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Malpua recipe

Malpua recipe

5 ratings

Celebrate Holi with these indulgent malpua. Similar to pancakes, they're coated in sugar syrup and loaded with zingy mango, chopped pistachios and flaked almonds. Make the batter and sugar syrup up to 6 hours in advance so you can relax and enjoy the festivities - simply cover and leave to cool. See method

  • Makes around 12
  • Takes 1 hour plus cooling
  • 211 calories / serving
  • Vegetarian


  • 150g plain flour
  • 3 cardamon pods, seeds removed and crushed
  • 1 tsp fennel seeds
  • 350ml semi-skimmed milk
  • Sliced mango tossed with a squeeze of lime juice, to serve
  • Roughly chopped pistachios, to serve
  • Flaked almonds, to serve

For the sugar syrup

  • 200g caster sugar
  • Large pinch of saffron strands
If you don't have any limes, try a lemon instead

Each serving contains

  • Energy

  • Fat

    11g 15%
  • Saturates

    2g 8%
  • Sugars

    19g 21%
  • Salt

    0g 1%

of the reference intake
Carbohydrate 28.6g Protein 2.3g Fibre 0.5g


  1. Make a batter. Put the flour, cardamon and fennel in a measuring jug with a pinch of salt. Gradually whisk the milk into the mixture until you have a smooth batter. Leave the rest while you make the sugar syrup. 

  2. Put the sugar in a small, heavy-based saucepan with 100ml water and place over a medium heat. Allow the sugar to melt completely, then bring to a rolling boil and cook for around 1 min, until the mixture is lightly syrupy.

  3. Remove the syrup from the heat, scoop a little out with a teaspoon, cool for a few secs, then dip your forefinger in it and press together with your thumb. Bring them apart and back together quickly a few times - if your syrup is the right consistency, it should form short threads between your finger and thumb that break when they get to around 1cm long. If they don't, boil it for a bit longer - if they hold for more than 1cm, stir in a little hot water and try again. The consistency is important to the finished texture of the malpua.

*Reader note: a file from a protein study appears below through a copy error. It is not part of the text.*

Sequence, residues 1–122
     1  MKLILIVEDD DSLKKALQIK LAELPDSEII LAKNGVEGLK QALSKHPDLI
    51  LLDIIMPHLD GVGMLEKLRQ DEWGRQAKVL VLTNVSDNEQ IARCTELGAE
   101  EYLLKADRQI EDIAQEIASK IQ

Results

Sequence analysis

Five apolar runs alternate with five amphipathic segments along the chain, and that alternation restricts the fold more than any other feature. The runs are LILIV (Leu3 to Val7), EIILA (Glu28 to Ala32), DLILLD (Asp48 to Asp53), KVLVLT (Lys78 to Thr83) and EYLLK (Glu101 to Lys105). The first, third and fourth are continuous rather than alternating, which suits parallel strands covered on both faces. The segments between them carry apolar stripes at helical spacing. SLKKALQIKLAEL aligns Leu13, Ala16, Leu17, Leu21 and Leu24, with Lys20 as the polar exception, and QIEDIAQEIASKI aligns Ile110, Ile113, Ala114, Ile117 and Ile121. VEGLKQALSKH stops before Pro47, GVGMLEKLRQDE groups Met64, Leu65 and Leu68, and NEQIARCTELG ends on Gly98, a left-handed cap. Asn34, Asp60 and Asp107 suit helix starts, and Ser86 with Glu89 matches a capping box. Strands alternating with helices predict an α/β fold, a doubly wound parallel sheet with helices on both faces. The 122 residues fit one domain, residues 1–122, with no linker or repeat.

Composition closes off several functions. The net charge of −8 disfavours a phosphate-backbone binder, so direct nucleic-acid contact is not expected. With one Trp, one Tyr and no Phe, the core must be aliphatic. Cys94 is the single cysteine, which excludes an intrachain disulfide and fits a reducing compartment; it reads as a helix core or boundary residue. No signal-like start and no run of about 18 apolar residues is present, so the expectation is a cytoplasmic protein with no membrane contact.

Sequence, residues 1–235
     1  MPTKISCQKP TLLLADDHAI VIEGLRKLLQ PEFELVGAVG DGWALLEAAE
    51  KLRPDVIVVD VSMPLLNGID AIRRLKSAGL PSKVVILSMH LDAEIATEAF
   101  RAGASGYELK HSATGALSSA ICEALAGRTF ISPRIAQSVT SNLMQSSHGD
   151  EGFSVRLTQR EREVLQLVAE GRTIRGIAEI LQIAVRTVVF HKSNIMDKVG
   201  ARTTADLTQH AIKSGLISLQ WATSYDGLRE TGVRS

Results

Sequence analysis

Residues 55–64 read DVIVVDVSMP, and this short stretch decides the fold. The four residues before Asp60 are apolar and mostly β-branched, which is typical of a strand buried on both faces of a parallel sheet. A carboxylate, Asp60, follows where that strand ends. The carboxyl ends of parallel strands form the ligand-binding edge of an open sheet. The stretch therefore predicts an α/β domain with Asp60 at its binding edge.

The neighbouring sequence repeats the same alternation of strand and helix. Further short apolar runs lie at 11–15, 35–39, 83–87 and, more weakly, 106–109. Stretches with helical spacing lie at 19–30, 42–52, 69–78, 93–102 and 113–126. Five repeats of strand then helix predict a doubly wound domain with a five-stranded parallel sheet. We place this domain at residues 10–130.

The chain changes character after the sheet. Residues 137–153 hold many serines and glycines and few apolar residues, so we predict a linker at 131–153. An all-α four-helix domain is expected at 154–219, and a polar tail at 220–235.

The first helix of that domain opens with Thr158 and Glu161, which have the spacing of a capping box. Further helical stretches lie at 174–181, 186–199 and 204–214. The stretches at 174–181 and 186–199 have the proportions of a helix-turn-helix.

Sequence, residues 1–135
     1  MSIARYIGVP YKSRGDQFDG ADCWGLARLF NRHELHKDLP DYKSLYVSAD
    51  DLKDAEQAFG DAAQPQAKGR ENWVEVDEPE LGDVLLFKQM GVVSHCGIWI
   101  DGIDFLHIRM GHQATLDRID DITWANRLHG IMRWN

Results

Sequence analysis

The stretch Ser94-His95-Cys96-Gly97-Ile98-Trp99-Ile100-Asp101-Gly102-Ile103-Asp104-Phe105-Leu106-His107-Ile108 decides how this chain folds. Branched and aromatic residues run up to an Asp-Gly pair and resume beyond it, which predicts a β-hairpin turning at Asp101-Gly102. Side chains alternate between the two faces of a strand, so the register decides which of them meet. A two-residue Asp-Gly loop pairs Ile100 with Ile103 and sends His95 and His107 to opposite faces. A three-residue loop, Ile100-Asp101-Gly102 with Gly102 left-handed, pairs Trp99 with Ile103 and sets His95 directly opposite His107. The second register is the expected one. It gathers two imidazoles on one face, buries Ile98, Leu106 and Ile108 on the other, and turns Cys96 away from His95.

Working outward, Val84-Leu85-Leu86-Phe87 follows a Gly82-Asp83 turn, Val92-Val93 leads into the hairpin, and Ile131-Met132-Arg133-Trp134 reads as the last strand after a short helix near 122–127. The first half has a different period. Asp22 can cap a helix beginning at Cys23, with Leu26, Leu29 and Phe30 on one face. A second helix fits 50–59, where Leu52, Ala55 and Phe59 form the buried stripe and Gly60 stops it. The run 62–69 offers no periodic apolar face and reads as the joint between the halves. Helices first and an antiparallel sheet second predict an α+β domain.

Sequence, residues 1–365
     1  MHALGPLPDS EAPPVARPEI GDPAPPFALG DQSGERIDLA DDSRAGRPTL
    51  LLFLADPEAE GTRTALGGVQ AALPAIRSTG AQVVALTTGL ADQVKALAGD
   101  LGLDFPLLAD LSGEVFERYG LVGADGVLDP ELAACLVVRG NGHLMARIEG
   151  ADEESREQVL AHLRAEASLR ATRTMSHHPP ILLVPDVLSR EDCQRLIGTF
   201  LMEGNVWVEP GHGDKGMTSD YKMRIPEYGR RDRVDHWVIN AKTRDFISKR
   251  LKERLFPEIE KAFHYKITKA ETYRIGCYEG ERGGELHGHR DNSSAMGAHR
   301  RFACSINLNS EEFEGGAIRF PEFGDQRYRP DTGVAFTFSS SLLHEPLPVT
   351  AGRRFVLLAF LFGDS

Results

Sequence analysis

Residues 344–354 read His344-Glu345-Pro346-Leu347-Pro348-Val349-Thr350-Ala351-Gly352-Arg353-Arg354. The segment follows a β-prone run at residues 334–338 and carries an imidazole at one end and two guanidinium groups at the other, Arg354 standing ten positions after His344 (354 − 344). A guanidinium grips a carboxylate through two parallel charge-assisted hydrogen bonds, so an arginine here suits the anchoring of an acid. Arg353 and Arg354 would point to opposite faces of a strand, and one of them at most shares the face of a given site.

4. Transfer the sugar syrup to a wide-based bowl, stir in the saffron and leave to cool completely. 

  5. Once they batter has rested and the syrup is cool, heat a large, wide, heavy-bottomed saucepan with around 2cm sunflower oil or ghee in it. Bring it to 180°C when tested with a digital kitchen thermometer, then try and keep it around this temperature. Give the batter a stir, then pour in enough to form a pancake around 8-10cm wide. The batter should sizzle around the edges, giving them a frill. Cook for around 1 min until the underside is deep golden, then flip and repeat.

  6. Remove the pancake from the oil with a slotted spoon and drain briefly on kitchen paper, before dipping into the bowl of syrup sugar. Let it soak in for around 20 secs, then turn and repeat, before lifting it out carefully and allowing the excess syrup to drop off. Transfer to a plate and repeat the process with the remaining malpua. Serve topped with sliced mango, scattered with pistachios and flaked almonds, while still warm. 

Tip: While not necessarily traditional, these are delicious served with a dollop of thick Greek yogurt to temper the sweetness. 

Tip: If you want to serve all the malpua together, keep the soaked ones warm in a very low oven on a lined baking tray while you cook the rest.

Make ahead: You can make the batter up to 6 hours in advance, just cover and chill until needed. You can also make the sugar syrup in advance - allow to cool covered, then store at room temperature for up to 6 hours.

See more Indian recipes

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